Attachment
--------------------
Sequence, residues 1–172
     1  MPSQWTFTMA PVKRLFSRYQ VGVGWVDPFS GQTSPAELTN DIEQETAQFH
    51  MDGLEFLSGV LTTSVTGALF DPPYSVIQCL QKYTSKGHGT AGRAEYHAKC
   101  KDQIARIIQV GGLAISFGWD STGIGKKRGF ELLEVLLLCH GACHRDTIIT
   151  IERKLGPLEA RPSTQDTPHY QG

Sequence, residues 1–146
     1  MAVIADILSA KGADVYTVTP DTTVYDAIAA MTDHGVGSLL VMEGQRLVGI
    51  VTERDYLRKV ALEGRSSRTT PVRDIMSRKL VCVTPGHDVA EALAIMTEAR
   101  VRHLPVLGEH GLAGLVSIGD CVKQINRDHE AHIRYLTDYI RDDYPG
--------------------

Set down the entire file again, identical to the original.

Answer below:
Sequence, residues 1–172
     1  MPSQWTFTMA PVKRLFSRYQ VGVGWVDPFS GQTSPAELTN DIEQETAQFH
    51  MDGLEFLSGV LTTSVTGALF DPPYSVIQCL QKYTSKGHGT AGRAEYHAKC
   101  KDQIARIIQV GGLAISFGWD STGIGKKRGF ELLEVLLLCH GACHRDTIIT
   151  IERKLGPLEA RPSTQDTPHY QG

Sequence, residues 1–146
     1  MAVIADILSA KGADVYTVTP DTTVYDAIAA MTDHGVGSLL VMEGQRLVGI
    51  VTERDYLRKV ALEGRSSRTT PVRDIMSRKL VCVTPGHDVA EALAIMTEAR
   101  VRHLPVLGEH GLAGLVSIGD CVKQINRDHE AHIRYLTDYI RDDYPG